Yesterday, the EEOC issued its FY 2014 Performance Report. Here is a link to the press release.

Now, I’ll admit it. I didn’t read the whole report. Blogging has got me all messed up. I can’t read anything that’s more than 250 words. So, I just stopped at the part in the report where it said that total charges dropped by 5,000 in FY14. So, I didn’t get to the part of the report that credits this blog, in particular, for the drop in charges. But, I assume it’s in there somewhere.

I also wanted to give a nice shout-out to the EEOC’s national mediation program, in which I participate as a pro-bono mediator. Of the 10,221 mediations conducted in FY14, 7,846 of ‘em settled. Based on the math I just did in my head, that’s a success rate of 97%. Ok, 77%. But, that’s still pretty darn good. Shaq’s free throw percentage is jealous.

Overall, the EEOC set 14 targets for itself, of which 7 were met and 7 were exceeded. So, kudos — kids still say kudos, right? — to the EEOC.

Finally, here are the results from Monday’s WWHRD (What Would HR Do?) where I asked the following question: If your employee posted a racist, angry racist Ferguson tweet, how would you recommend that the company respond?

  • Termination 37%
  • Suspension 31%
  • Warning 17%
  • Nothing 6%
  • Other 8%

And, I’m pleased to report that 100% of you loved the poll! 

Last night, Mikhail Gorbachev and Ronald Reagan came to me in a dream.

You see, we were at a video arcade, the two of them playing the classic, Street Fighter. I had next. Mr. Gorbachev was playing as Zangief and President Reagan was Guile. Because, of course.

So, just as the Premier was about to close it out, the President dropped the controls, put Mr. Gorbachev in a headlock and gave him a noogie. I’m talking right on that spot! I mean, the more he noogied, well, the spot started to change colors. From red to silver to pure gold. At which point, Mr. Gorbachev turned to me and said,

“Meyer, start a series on your blog called What Would HR Do. Perestroika!”

Alrighty then. So, it begins. WWHRD coming up after the jump…

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What else is there to blog about after reading a federal court opinion about Yolo (You Only Live Once) and sexual harassment?

Geez. Last night, I could have peed plutonium while flaming monkeys sprang forth from my word hole, and I still would have blogged Yolo.

More on Yolo after the jump…

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Maybe you’ve heard about it. I’m giving a little spiel today on social media in the workplace with a few friends at an event in Philadelphia. If I play my cards right, I’ll do as little speaking as possible on the dais.

Which means I’ll get my two cents in after the jump and discuss on a hockey coach who was recently fired for posting pictures of Nazi propaganda on Facebook.

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In honor of Veterans Day…

//www.youtube.com/watch?v=5xteDjaNKY0

To prove sexual harassment, a plaintiff must have been subjected to pervasive or severe behavior based on the plaintiff’s sex. Further, not only would an objective person have to find the behavior offensive, but the plaintiff must be offended as well.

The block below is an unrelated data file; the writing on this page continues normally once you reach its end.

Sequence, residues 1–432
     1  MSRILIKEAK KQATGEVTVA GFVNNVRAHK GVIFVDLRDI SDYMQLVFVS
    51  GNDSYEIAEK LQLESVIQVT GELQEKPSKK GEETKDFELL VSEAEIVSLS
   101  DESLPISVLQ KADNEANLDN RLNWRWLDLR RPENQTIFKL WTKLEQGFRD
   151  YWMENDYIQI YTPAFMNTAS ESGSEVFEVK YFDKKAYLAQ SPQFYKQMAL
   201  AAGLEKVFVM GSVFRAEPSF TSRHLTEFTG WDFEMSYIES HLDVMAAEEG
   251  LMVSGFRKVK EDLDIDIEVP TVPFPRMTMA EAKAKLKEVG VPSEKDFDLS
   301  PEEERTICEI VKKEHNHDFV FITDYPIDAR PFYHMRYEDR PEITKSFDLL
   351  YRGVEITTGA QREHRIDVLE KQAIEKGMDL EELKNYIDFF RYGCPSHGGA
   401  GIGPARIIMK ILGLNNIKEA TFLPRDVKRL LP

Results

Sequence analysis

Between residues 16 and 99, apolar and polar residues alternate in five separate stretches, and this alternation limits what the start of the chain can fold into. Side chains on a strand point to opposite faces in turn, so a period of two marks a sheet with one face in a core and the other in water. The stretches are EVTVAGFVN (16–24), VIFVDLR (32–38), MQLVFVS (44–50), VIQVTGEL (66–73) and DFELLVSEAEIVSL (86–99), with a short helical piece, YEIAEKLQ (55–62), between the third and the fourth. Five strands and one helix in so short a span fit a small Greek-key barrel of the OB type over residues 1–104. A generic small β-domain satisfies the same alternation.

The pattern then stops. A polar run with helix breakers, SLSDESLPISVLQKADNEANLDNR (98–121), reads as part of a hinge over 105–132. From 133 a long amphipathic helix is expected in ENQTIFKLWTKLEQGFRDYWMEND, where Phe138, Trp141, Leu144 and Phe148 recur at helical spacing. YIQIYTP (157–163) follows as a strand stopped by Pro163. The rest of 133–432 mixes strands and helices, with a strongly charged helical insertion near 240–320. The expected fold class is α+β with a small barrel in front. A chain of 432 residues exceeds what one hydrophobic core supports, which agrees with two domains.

Usually, when a plaintiff claims sexual harassment, a court takes for granted that conduct at issue offended the plaintiff.

But, I just read about a case that bucked the trend. 

More on this wacky case, and some workplace lessons for you guys…after the jump…

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The Americans with Disabilities Act requires that companies provide a reasonable accommodation to an employee with a disability, if doing so will allow the employee to perform the essential functions of the job.

The ADA contemplates a number of different types of reasonable accommodations. One such accommodation is a transfer into an open position for which the disabled employee is qualified. But what happens when there is no vacancy. Must an employer bump another non-disabled employee to accommodate the one with the disability?

As an Ohio federal court reminds us in this recent opinion that the answer is no, unless special circumstances exist:

Arthur claims that special circumstances exist here, and that ASI should have given him another employee’s job, and transferred that employee to the machining job Arthur was offered. …But Arthur has not shown that ASI permitted employees whose jobs were eliminated [like Arthur’s] to “bump” other regular employees out of their jobs. The only evidence in the record shows that ASI’s internal transfers were to open positions, or to positions that were filled with temporary employees. And Arthur has not identified any open positions or positions occupied by temporary employees, in any of the departments that he contends he should have been transferred to, such as operating a forklift or working in the rackroom.

What are the special circumstances that may arise? A pattern and practice of bumping employees could suffice. An established seniority system is another example. But absent special circumstances, disabled employees enjoy the same rights as other employees, no more; no less.

Even without a federal law that specifically bans discrimination in the workplace based on sexual orientation or gender identify, it’s no secret that one of the EEOC’s top priorities is to protect LGBT workers from discrimination.

And the EEOC is being quite transparent about it, with a new guide for employers and employees.

I’ve got that for you after the jump…

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